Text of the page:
Rusty Lenco

lMany of us still love vinyl. We have spent time and money to get the best turntable we could afford. Heavy plinths, platter, feet. Expensive tonearm and cartridges. And then belt, pulleys, dc motor, motor regulator supply, cables and on and on.

One day I went to a flea market and noticed a pretty bad condiction turntable but was different from usual consumer turntable. It was all metal with a heavy platter.

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Ok ok it was really bad, actually they were, infact  they were two. Probably they were a dj console. A fast web research showed a surprisingly high interest in this model, L75/S. Many people appreciate the speed stability of the player. This was of particular interest for me because, after my marriage ceased, my ex wife was permanently complianing about the ex my belt turntable stability. It was a very good player but it needed frequent speed check and small adjustments. For some people this is just too much.

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As a hard core diy audio fan I surfed the web to learn more about the Lencos and how to get the best from them. Here I have to mention Lencoheaven site as a formidable informations source. There you can find many valuable advise about the old Lencos turntables, especially B55, L70, L75 and 78.

First thing to do with a turntable that probably has more the 40 years is clean and lubrification servicing. What a joy to disassemble this swiss player. Everything were screwed, almost. No plastics all metal parts.

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At Lencoheaven you will find all the guide you need for maintenance.

But the chassis !! I have to repaint it or… make a new one!! Someone has already done something like it. He has made different interpretation of chassis plus two substantial innovations. He used a thicker stainless base and motor / bearing decoupling.

Very appealing. But I liked so much the original layout that I wanted to try to remake it plus the innovations already mentioned. The challenge was to use as much Lenco’s components as possible including on/off switch, speed regulation and brake mechanism. The arm lifter was excluded by purpose. Speed regulation limited to 33 and 45 but with minor change it can cover 16 and 78 too,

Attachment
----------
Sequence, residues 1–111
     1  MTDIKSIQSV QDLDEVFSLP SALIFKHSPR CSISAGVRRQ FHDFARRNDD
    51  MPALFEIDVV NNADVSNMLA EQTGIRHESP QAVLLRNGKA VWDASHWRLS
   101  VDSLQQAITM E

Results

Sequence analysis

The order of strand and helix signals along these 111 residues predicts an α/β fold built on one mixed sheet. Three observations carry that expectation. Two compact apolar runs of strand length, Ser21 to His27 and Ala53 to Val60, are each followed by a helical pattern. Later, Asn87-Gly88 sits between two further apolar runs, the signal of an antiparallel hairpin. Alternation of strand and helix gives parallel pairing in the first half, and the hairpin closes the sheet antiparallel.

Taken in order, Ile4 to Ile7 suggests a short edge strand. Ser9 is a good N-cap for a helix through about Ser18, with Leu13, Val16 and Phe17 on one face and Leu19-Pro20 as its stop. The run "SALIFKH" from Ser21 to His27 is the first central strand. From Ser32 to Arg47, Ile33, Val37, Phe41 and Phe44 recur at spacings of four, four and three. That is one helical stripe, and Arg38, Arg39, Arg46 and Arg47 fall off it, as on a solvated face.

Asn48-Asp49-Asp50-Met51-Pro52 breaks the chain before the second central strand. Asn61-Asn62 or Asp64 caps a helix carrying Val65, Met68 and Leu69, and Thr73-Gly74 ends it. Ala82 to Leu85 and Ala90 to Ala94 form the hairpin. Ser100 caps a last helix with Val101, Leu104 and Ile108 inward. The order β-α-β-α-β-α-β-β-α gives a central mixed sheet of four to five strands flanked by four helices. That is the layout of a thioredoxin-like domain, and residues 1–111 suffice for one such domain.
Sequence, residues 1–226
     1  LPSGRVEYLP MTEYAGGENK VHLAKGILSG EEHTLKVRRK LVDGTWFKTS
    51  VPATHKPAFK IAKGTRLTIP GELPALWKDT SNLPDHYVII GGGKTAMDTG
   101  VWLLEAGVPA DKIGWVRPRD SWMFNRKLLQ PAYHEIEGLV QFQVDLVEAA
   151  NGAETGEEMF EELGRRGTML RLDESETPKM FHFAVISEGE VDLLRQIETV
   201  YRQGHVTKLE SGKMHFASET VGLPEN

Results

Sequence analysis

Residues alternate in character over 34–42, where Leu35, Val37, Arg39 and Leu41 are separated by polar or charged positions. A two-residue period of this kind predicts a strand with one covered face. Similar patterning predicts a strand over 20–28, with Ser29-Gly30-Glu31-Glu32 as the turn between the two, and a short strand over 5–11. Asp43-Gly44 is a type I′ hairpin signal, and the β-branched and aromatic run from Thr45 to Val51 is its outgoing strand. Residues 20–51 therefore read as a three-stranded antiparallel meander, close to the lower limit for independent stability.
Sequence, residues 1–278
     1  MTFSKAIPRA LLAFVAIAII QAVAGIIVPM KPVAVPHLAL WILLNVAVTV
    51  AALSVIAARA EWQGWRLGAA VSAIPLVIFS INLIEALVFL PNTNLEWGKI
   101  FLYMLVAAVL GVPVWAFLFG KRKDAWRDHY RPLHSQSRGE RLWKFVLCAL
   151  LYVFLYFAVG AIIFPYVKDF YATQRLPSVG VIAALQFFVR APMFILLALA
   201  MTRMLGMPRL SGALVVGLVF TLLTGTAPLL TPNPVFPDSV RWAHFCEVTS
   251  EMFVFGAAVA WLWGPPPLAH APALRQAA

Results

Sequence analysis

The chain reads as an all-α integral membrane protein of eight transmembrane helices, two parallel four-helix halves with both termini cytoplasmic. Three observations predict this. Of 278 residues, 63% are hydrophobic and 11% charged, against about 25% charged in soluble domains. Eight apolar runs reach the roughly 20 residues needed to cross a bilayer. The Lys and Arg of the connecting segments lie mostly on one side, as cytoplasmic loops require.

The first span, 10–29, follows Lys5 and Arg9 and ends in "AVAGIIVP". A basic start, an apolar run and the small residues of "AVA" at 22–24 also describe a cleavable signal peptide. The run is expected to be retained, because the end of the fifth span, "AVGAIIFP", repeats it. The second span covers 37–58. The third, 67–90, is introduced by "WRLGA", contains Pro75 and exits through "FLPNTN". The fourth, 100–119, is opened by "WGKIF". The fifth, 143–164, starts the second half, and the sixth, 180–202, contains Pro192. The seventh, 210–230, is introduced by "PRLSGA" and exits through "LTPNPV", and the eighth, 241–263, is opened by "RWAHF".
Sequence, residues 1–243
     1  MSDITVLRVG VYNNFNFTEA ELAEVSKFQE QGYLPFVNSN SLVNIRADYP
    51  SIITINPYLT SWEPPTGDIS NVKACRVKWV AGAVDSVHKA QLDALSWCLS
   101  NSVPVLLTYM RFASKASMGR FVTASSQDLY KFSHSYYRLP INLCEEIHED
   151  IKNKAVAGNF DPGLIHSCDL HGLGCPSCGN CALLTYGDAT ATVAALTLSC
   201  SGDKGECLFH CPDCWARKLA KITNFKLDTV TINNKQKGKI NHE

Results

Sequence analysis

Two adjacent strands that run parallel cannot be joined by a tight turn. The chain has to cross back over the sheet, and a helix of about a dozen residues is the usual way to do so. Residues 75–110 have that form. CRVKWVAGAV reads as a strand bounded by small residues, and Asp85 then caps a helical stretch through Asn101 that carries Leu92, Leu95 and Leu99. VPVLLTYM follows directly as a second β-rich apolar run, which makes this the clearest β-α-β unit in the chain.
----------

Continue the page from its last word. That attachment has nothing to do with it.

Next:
The target was easy to say but to make it on paper with the right accuracy has been hours consuming. I collected all the informations available and after one test the second shot has played records since.

 

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Here it was the prototype without plinth but with a temporary cover to ceck switch funcionality.

Now let’s have a look what’s underside:

The idler wheel in working position                       and here in stop position

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Now it’s time for the full dress, corian was chosen.

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My collague , yes we are two, didn’t want arm hole because he is using it with a Sme 3012.

So why not do a Lenco L75  12inch version! plus some more ideas.

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This time ipe´ wood was choose as plinth. That wood make a really heavy plinth.

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Now some stainless details                                                Brake and arm switch

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Underneath view with speed control lever           Idler wheel and arm

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Now the motor island

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The idler wheel in the rest position

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The cover is 12mm. thick alluminium

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Finally the turntable mounted.

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Please note the lower armboard  in order to accept my tall tonearm.

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This has been a really demanding project, the difficulties were not only to design the main boards but few stainless details that we had custom made from a lathe laboratory. That said once those parts are available all the rest is pretty easy job. The tool needed are screwdriver and wrench and few M3 and M4 screw. It is possible to go back anytime to the original Lenco frame. We compared it with standard L75 or heavy plinth L75 mount and we can  say that Lencohell player paid off all the time we spent on it. We consider it a remarkable upgrade from ordinary Lenco project.

 

24/09/16 update.

Today we tried a new approach to the idler wheel arm and speed slider approach. It is undoubtetly true the more the arm is mechanically isolated from the main board the better. Lenco did this in a couple of way: throw an elastic washer,

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or direct coupling with nothing betwen. Those works pretty well indded.                                                                                                                                                     Now came that I have a teflon sheet in hand, it is 4mm. thick so I have done few holes in it and I have reduced the center down to 1,5-2mm. This is how it looked before :

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and this is the new approach:

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We think this approach its worthwhile, doesn’t make night and day difference but you know, the stair goes to the top with many little step.

 

 

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